Ten community groups will have new bikes this year, thanks to Rochester’s bike-sharing program.

With 200 bikes in hand, the city put out a call for applications in February asking for interest group and individual interest in receiving bikes.

More than 180 grant applications were received with bikes being awarded to 35 individuals and 10 community groups, according to an announcement from the city Thursday morning.

The community Groups receiving bikes are:

● 125 Live

● Bolder Options

● Doc’s Recovery House

● Family Service Rochester

● Hope Fuse

● Jeremiah Program

● Next Chapter Rochester

● Nonprofit Urban Farm

● Recovery is Happening

● Rochester Public Schools

Individuals selected to receive a bike are picking them up this week at Mayo Civic Center.

The individuals and groups have agreed to attend a bike maintenance training session for a hands-on learning experience, which will be organized as soon as social distancing guidelines are relaxed, according to the city announcement.

For now, all awardees will receive a bike maintenance and safety handout when they pick up their bike. They also have agreed to not resell the bike and to fix it as necessary.

Sarah Oslund, a city communications and engagement coordinator, said the city is maintaining ownership of approximately half its bikes with plans for the Rochester Public Library to continue managing the city’s bike-share program, which will resume as soon as it is deemed safe.

Olmsted County Public Health Director Graham Briggs said the risk for spreading the coronavirus through programs sharing outdoor equipment, including bikes and scooters, are expected to decrease as summer approaches.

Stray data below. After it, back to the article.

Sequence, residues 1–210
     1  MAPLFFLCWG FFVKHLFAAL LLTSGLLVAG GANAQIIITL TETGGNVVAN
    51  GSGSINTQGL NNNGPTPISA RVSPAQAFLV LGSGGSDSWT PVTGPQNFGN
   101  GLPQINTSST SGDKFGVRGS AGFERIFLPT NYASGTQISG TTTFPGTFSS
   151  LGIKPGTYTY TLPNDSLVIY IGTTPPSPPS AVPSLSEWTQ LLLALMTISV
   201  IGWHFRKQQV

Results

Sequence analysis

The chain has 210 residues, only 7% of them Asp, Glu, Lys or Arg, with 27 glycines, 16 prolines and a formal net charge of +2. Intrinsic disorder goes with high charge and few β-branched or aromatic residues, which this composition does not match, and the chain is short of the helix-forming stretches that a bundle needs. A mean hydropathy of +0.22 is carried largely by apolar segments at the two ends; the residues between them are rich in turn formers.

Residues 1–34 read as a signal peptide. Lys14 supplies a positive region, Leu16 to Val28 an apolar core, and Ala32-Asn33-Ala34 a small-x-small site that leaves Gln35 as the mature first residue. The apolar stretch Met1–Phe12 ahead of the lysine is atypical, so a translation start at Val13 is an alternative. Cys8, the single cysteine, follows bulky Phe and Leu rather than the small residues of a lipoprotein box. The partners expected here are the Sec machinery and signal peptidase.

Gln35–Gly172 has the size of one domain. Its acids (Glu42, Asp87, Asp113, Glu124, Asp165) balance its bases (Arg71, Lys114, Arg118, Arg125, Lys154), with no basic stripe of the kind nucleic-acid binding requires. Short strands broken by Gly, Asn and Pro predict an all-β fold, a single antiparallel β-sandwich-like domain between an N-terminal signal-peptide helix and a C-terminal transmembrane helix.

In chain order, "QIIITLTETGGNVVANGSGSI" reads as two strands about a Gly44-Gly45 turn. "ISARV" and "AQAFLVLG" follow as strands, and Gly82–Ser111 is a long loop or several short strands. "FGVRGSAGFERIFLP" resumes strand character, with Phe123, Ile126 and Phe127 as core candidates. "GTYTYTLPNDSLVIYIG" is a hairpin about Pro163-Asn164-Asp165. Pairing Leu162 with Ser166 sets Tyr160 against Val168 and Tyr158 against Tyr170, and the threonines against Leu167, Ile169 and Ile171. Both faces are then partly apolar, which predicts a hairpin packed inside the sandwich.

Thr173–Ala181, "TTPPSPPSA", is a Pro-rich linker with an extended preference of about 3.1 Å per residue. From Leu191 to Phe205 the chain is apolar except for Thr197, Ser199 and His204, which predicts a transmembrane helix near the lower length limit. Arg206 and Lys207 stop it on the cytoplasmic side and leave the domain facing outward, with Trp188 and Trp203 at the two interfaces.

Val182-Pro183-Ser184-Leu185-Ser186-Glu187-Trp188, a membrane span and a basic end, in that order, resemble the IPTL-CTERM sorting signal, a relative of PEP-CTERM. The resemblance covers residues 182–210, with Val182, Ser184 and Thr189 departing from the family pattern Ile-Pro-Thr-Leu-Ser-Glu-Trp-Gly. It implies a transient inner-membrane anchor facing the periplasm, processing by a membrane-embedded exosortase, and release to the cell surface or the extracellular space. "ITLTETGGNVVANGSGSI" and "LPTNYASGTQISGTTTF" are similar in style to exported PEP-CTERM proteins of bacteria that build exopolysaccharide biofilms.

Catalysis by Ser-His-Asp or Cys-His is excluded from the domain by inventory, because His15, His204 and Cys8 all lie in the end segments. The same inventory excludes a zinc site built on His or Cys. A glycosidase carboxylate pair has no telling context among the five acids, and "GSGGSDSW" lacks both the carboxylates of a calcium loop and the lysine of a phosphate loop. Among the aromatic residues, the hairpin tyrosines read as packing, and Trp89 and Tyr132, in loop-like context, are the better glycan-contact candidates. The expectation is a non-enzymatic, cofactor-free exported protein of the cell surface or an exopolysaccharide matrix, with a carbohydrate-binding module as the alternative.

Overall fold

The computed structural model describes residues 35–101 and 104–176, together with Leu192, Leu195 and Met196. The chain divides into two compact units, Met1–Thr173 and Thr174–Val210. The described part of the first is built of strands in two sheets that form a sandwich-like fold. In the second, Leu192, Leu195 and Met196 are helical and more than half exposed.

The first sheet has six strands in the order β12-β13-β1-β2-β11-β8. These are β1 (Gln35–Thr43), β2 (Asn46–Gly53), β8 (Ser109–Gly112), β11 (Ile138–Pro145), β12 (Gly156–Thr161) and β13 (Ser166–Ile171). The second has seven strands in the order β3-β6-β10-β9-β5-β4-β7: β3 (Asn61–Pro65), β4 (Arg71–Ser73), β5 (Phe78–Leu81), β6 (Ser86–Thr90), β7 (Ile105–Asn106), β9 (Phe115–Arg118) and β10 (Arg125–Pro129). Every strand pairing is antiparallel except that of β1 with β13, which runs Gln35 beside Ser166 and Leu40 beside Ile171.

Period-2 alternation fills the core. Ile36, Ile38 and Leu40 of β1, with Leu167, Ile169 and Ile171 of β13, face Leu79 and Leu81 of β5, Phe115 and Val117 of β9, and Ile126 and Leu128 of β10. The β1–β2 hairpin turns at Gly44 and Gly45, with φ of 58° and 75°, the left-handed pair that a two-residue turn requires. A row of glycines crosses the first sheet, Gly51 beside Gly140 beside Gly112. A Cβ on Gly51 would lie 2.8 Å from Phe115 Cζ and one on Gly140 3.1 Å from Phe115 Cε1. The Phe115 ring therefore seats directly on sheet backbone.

"Based on our understanding of other viruses and some preliminary information from the Department of Homeland Security, it is likely that COVID-19 naturally degrades more quickly with higher temperatures, humidity and sunlight," he said.

"While there is a good chance risk that transmission for COVID-19 through shared outdoor equipment like bicycles would decrease during the warm summer months, we would still recommend routine disinfection between users."

Last year, the city saw 1,234 bicycle checkouts between May and October, which prompted increasing the number of available bikes at the library from 15 to 20.

It put 48 bikes on the street, with 653 checkouts of varying lengths at the library for the program’s fourth year.

At the same time, more than 200 motorized rental scooters were on the street, covering 63,078 miles during a 15-week trial, with 12,853 riders logging 50,641 trips.